Electronic trading platform Interactive Brokers received a $3.5 million penalty from the Financial Industry Regulatory Authority (FINRA) for multiple alleged violations of the self-regulatory organization’s rules regarding execution and supervision.
FINRA’s disciplinary action published Dec. 22 cited Interactive Brokers for rule violations ranging from January 2014 to February 2023. The firm neither admitted nor denied FINRA’s findings in resolving the matter.
The details: At varying times during the relevant period, Interactive Brokers allegedly failed to:
- Consistently include all relevant execution quality factors or regularly assess competing venues in line with its best execution obligations;
- Assess whether its practice of adjusting its routing of nonmarketable equity and options orders at the end of certain months to receive volume-based rebate payments affected its customers’ execution quality;
- Review net trading activity affecting approximately 10.4 million customer transactions through two other broker-dealers to ensure it did not interfere with best execution obligations; and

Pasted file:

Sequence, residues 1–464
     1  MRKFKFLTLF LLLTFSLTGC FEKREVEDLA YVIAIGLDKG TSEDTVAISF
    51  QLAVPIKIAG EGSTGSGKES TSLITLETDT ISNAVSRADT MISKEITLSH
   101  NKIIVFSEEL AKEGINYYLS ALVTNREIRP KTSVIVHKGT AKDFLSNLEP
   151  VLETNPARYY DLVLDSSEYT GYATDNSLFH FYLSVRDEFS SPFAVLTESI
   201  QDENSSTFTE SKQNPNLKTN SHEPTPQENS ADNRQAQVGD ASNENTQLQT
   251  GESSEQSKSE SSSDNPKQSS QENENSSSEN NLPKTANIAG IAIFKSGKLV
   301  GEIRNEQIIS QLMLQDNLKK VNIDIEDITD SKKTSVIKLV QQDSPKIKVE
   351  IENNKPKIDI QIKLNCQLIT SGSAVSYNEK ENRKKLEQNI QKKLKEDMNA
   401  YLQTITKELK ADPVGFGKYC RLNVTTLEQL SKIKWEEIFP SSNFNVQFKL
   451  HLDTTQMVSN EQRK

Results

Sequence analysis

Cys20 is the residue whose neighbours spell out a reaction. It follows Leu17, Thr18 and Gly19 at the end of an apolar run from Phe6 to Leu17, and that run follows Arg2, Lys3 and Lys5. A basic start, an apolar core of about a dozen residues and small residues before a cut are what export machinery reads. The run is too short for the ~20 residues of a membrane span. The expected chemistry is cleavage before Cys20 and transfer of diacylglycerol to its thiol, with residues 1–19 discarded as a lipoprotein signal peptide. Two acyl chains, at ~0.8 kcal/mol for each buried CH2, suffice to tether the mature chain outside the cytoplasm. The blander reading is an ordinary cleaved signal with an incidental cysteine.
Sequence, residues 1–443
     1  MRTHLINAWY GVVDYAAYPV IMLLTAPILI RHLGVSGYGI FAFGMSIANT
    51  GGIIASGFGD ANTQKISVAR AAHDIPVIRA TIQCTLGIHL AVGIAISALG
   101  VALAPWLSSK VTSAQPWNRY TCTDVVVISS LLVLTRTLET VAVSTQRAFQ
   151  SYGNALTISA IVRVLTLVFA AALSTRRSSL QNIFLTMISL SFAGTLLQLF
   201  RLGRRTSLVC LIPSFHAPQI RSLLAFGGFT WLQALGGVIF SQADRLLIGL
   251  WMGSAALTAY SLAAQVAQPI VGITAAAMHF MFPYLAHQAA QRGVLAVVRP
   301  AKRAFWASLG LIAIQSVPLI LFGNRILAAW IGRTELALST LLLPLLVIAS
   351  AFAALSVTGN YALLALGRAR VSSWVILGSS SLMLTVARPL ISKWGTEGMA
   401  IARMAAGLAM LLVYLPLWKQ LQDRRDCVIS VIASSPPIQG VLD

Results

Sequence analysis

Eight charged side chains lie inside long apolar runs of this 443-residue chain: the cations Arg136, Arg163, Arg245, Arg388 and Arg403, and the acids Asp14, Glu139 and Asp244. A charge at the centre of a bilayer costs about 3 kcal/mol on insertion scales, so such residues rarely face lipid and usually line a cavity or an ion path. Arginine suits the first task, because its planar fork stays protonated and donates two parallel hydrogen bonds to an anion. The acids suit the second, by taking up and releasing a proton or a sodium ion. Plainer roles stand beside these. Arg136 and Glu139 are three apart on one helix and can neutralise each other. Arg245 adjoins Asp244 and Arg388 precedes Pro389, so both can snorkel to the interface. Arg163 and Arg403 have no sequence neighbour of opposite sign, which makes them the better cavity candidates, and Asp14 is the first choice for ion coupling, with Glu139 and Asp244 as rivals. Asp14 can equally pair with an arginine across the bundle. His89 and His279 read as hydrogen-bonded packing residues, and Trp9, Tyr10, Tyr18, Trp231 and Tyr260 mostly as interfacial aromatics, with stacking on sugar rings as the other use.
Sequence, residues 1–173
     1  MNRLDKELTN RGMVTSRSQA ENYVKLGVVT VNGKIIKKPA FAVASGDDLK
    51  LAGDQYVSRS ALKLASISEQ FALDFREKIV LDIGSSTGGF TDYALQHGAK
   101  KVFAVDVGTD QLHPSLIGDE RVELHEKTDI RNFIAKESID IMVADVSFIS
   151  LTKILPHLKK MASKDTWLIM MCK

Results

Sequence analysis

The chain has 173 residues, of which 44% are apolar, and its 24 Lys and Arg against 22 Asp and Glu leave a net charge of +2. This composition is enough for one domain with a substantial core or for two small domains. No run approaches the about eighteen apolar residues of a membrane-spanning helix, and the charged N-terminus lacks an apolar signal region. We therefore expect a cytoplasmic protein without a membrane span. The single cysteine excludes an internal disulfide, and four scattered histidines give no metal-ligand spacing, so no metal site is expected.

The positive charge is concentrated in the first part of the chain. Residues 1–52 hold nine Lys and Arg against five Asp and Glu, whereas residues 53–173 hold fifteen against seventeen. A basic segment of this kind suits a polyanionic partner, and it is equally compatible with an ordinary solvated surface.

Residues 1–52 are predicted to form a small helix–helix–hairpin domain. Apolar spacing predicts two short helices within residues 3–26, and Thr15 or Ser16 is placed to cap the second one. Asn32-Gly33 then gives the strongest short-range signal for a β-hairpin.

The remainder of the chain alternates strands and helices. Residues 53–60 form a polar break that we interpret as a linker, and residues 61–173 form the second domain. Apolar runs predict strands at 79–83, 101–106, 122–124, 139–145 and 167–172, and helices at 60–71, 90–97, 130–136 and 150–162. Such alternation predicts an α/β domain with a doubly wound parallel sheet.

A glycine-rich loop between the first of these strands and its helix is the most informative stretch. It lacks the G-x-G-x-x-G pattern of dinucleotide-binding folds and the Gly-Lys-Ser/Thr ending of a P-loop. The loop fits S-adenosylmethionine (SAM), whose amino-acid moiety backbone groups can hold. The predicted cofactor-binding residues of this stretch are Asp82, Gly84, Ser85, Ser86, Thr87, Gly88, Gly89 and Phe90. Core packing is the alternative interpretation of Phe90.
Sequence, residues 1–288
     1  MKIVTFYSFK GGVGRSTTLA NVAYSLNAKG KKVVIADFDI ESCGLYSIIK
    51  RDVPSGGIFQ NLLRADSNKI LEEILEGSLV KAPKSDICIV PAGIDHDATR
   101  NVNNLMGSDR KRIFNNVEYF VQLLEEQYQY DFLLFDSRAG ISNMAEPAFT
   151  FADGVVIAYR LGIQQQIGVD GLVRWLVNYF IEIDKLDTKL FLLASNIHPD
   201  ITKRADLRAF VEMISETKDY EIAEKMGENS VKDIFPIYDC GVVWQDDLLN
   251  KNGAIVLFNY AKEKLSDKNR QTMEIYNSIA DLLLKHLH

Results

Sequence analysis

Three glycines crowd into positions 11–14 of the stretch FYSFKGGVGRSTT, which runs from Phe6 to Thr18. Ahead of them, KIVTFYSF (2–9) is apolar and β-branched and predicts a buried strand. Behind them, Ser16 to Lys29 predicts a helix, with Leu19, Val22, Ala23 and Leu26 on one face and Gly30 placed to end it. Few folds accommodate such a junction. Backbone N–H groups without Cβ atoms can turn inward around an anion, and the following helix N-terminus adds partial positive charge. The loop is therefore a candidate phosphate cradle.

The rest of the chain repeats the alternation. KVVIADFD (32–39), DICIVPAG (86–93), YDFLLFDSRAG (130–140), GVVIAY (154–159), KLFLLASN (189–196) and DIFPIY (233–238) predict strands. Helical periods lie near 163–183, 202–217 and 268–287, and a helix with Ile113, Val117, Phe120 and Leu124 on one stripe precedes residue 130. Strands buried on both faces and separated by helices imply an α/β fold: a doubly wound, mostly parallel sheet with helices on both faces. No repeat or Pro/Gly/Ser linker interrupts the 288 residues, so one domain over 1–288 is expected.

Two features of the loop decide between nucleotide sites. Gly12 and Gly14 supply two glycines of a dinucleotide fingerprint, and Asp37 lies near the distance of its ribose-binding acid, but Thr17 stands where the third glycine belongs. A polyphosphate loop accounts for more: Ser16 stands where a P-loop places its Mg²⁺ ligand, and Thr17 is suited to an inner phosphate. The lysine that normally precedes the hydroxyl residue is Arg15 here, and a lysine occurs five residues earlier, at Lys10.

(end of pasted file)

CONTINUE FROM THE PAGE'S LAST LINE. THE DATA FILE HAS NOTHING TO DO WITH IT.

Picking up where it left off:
- Disclose material aspects of its relationship with markets to which it routed orders in quarterly reports during a three-year period.
As a result, the firm violated multiples aspects of FINRA Rule 5310, as well as Rules 2010 and 3110, according to FINRA.
Compliance considerations: Interactive Brokers’ supervisory system was not reasonably designed to achieve compliance with its best execution obligations, FINRA determined.
“From at least January 2014 through November 2016, the firm’s reviews were ad hoc, not adequately documented, and did not consistently consider all relevant execution quality factors for existing order routing arrangements or regularly assess competing markets,” the organization said.
The firm was also faulted for deficiencies in its review systems regarding price improvement opportunities and routing to third parties for net trading.
Firm response: “Importantly, there are no allegations or findings by FINRA in its settlement order that [Interactive Brokers’] smart order routing logic caused customer harm or failed to provide best execution to our customers,” the firm said in an emailed statement. “In fact, after testing and review, [Interactive Brokers] concluded that no changes needed to or should be made to the firm’s smart order routing logic as a result of FINRA’s findings.”
The firm included a corrective action plan in FINRA’s order that noted remedial measures it has already undertaken.